29. McLean JA, Speakman JR (1999) Energy budgets of lactating and non-reproductive brown long-eared bats (Plecotus auritus) suggest females use compensation in lactation. Func Ecol 13:360–372Google Scholar
  30. National Oceanic and Atmospheric Administration (2002) Monthly station normals of temperature, precipitation, and heating and cooling degree days 1971–2000: Kentucky. Asheville, NCGoogle Scholar
  31. Ormsbee PC, McComb WC (1998) Selection of day-roosts by female long-legged myotis in the central Oregon Cascade range. J Wildlife Manag 62:596–603CrossRefGoogle Scholar
  32. Pretzlaff I, Kerth G, Dausmann KH (2010) Communally breeding bats use physiological and behavioural adjustments to optimize daily energy expenditure. Naturwissenschaften 97:353–363PubMedCrossRefGoogle Scholar
  33. Racey PA (1973) Environmental factors affecting the length of gestation in heterothermic bats. J Reprod Fertil 19:175–189Google Scholar
  34. Racey PA, Swift SM (1981) Variations in gestation length in a colony of pipistrelle bats (Pipistrellus pipistrellus) from year to year. J Reprod Fertil 61:123–129PubMedCrossRefGoogle Scholar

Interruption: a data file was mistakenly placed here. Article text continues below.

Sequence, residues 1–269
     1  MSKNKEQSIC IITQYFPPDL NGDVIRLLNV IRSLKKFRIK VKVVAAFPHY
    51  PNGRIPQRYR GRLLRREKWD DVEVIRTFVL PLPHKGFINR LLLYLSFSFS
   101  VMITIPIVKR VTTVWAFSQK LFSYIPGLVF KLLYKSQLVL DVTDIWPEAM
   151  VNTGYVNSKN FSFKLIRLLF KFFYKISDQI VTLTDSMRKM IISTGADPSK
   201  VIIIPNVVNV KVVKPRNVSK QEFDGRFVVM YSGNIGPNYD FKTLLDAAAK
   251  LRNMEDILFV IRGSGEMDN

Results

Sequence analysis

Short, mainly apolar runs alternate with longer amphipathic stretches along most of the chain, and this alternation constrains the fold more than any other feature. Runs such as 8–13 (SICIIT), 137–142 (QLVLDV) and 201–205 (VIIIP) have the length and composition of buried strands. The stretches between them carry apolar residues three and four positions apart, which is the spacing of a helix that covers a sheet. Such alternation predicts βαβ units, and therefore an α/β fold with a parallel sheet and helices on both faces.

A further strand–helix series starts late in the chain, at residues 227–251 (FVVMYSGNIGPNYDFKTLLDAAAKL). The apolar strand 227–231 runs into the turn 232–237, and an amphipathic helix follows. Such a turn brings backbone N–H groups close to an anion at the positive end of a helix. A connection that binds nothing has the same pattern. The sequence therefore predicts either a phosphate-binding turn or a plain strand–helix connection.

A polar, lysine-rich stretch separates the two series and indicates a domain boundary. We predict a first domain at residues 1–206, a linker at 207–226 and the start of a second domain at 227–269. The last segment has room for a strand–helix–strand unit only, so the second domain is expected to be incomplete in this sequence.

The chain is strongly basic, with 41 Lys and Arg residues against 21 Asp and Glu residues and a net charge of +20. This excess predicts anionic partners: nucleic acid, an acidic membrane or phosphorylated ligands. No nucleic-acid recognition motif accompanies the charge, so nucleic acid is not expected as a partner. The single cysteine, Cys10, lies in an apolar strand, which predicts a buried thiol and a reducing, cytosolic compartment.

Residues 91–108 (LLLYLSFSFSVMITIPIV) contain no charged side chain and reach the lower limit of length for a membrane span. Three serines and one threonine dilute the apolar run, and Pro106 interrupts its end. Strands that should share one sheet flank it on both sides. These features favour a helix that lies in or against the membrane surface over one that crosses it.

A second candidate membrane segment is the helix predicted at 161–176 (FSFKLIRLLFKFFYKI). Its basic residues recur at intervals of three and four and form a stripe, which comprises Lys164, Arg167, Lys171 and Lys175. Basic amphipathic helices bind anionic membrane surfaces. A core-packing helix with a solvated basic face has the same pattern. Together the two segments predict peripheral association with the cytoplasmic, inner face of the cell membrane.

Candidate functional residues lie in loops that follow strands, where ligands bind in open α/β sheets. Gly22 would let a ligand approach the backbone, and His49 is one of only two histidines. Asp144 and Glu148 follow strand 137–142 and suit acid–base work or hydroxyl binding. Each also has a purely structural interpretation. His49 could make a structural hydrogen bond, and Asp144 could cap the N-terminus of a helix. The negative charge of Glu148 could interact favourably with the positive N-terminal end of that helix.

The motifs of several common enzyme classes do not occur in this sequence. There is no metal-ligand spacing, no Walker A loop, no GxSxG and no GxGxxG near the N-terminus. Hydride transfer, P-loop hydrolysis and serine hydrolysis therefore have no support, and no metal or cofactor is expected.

35. Racey PA, Speakman JR (1987) The energy costs of pregnancy and lactation in heterothermic bats. In: Loudon ASI, Racey PA (eds) Reproductive energetics in mammals. Oxford University Press, New York, pp 107–125Google Scholar
  36. Racey PA (2009) Reproductive assessment of bats. In: Kunz TH, Parsons S (eds) Ecological and behavioral methods for the study of bats, 2nd edn. Johns Hopkins University Press, Baltimore, pp 249–364Google Scholar
  37. Rambaldini DA, Brigham RM (2008) Torpor use by free-ranging pallid bats (Antrozous pallidus) at the northern extent of their range. J Mammal 89:933–941CrossRefGoogle Scholar
  38. Rice C (2009) Roosting ecology of Corynorhinus rafinesquii (Rafinesque’s big-eared bat) and Myotis austroriparius (southeastern myotis) in tree cavities found in a northeastern Louisiana bottomland hardwood forest streambed. Thesis, University of Louisiana at MonroeGoogle Scholar
  39. Ruczyński I (2006) Influence of temperature on maternity roost selection by noctule bats (Nyctalus noctula) and Leisler’s bats (N. leisleri) in Białowieża Primeval Forest, Poland. Can J Zool 84:900–907CrossRefGoogle Scholar
  40. Solick DI, Barclay RMR (2006) Thermoregulation and roosting behavior of reproductive and nonreproductive female western long-eared bats (Myotis evotis) in the Rocky Mountains of Alberta. Can J Zool 84:589–599CrossRefGoogle Scholar
  41. Speakman JR (1999) The cost of living: field metabolic rates of small mammals. Adv Ecol Res 30:177–297CrossRefGoogle Scholar
  42. Speakman JR (2008) The physiological costs of reproduction in small mammals. Phil Trans R Soc B 363:375–398PubMedCrossRefGoogle Scholar